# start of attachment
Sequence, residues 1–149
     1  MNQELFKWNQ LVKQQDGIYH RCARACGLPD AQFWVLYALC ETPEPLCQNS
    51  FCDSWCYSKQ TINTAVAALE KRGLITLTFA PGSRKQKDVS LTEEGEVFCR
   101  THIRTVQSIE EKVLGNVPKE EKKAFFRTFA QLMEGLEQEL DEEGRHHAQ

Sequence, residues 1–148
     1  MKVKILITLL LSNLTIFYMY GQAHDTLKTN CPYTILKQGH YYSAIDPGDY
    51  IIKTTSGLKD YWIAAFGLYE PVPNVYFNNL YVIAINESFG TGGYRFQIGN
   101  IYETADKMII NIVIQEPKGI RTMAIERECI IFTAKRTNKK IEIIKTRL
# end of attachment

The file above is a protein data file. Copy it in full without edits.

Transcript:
Sequence, residues 1–149
     1  MNQELFKWNQ LVKQQDGIYH RCARACGLPD AQFWVLYALC ETPEPLCQNS
    51  FCDSWCYSKQ TINTAVAALE KRGLITLTFA PGSRKQKDVS LTEEGEVFCR
   101  THIRTVQSIE EKVLGNVPKE EKKAFFRTFA QLMEGLEQEL DEEGRHHAQ

Sequence, residues 1–148
     1  MKVKILITLL LSNLTIFYMY GQAHDTLKTN CPYTILKQGH YYSAIDPGDY
    51  IIKTTSGLKD YWIAAFGLYE PVPNVYFNNL YVIAINESFG TGGYRFQIGN
   101  IYETADKMII NIVIQEPKGI RTMAIERECI IFTAKRTNKK IEIIKTRL